We can count five variants to the Starstreak HVM. One is the Starstreak SP HVM (Self-Propelled High Velocity Missile). It is fixed with a roof-installed Air Defence Alerting Device (ADAD) made available by Thales Optronics. It is transported on an Alvis Stormer AFV. The infrared scanner and processor of such device offer rapid target finding, while the system mechanically slides the weapon sight on the mark. The employment this device will for s short time call for the transporting vehicle to be at a stop. The second is the above-mentioned LML. It is triggered from a Lightweight Multiple Launcher (LML) including three missiles set for firing. One can use it as a stationary launch device or placed on a light motor vehicle, for instance a Land Rover.

A third variant is MANPADS, which is transportable by man and the operator activates it from his shoulder. The man-transportable shoulder-launched Starstreak is put together and set to shoot in a small number of seconds. Preparation for shooting means snipping a target-seeking unit on the missile container. The fourth is ATASK (Air-to-Air Starstreak), which is activated while airborne, from a helicopter. Finally, the fifth is Seastreak, with two alternatives tried - one similar to the Lightweight Multiple Launcher and the other one being a move-in weapon device with no less than twenty-four missiles.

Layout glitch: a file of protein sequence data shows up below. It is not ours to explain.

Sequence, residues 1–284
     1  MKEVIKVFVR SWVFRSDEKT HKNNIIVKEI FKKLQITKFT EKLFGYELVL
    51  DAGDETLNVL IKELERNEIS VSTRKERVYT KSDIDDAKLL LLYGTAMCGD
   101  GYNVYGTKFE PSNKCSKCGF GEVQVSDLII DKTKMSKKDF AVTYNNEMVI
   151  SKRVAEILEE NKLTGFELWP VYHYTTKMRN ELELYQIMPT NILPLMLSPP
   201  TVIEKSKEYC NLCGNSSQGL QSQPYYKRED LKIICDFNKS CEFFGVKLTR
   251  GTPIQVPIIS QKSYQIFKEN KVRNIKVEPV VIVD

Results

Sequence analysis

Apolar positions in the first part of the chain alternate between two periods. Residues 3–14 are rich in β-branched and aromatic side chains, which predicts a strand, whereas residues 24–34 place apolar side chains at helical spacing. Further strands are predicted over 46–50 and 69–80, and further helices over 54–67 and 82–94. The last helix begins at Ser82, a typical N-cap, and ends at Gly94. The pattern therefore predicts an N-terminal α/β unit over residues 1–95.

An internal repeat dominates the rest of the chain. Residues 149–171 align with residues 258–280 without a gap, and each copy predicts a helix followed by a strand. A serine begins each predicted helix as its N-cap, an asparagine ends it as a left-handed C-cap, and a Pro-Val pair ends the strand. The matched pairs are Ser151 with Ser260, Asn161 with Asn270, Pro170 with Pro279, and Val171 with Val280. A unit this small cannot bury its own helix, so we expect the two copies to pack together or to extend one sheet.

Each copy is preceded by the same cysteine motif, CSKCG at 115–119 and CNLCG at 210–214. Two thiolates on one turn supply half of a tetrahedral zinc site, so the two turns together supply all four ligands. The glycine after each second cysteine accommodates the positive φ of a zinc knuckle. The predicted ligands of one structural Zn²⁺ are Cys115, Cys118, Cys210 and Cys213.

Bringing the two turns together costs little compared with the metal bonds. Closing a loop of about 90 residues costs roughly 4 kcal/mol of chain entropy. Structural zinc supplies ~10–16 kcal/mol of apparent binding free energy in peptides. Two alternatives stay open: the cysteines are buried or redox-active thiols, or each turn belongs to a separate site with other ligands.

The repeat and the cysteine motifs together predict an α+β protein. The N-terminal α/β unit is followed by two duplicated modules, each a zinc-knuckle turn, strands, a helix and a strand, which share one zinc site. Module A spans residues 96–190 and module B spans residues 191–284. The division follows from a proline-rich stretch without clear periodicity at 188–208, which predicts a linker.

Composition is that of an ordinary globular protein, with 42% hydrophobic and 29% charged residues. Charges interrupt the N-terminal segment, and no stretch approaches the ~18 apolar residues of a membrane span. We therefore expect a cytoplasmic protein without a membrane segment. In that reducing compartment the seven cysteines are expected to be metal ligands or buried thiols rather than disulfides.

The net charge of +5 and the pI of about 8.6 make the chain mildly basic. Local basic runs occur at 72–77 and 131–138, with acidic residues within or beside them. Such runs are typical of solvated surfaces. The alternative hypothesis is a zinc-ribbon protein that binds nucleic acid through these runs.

Monday, December 13, 2010

CHINA POWER: Dong Feng Missiles Series

The Dongfeng missile  is a series of intermediate and intercontinental ballistic missiles operated by the People's Republic of China. Typically, the word Dongfeng is shortened to "DF". China's Dongfeng missile is considered by some to be a "game-changer". With an effective range of around 900 miles, this missile was designed to “KILLl" aircraft carriers, but what more could it do if it were based on one? 

Military Power of the People’s Republic of China 2010

Series of DongFeng Missiles:
  • ·         Dong Feng 11 (DF-11) / CSS-7
  • ·         Dong Feng 15 (DF-15) / CSS-6
  • ·         Julang 1 (JL-1)
  • ·         Dong Feng 21 (DF-21) / CSS-5
  • ·         Dong Feng 25 (DF-25)
  • ·         Julang 2 (JL-2)
  • ·         Dong Feng 31 (DF-31) / CSS-9
  • ·         Dong Feng 41 (DF-41) / CSS-10
  • ·         Dong Feng 5 (DF-5) / CSS-4 

PLA Ballistic Missiles Range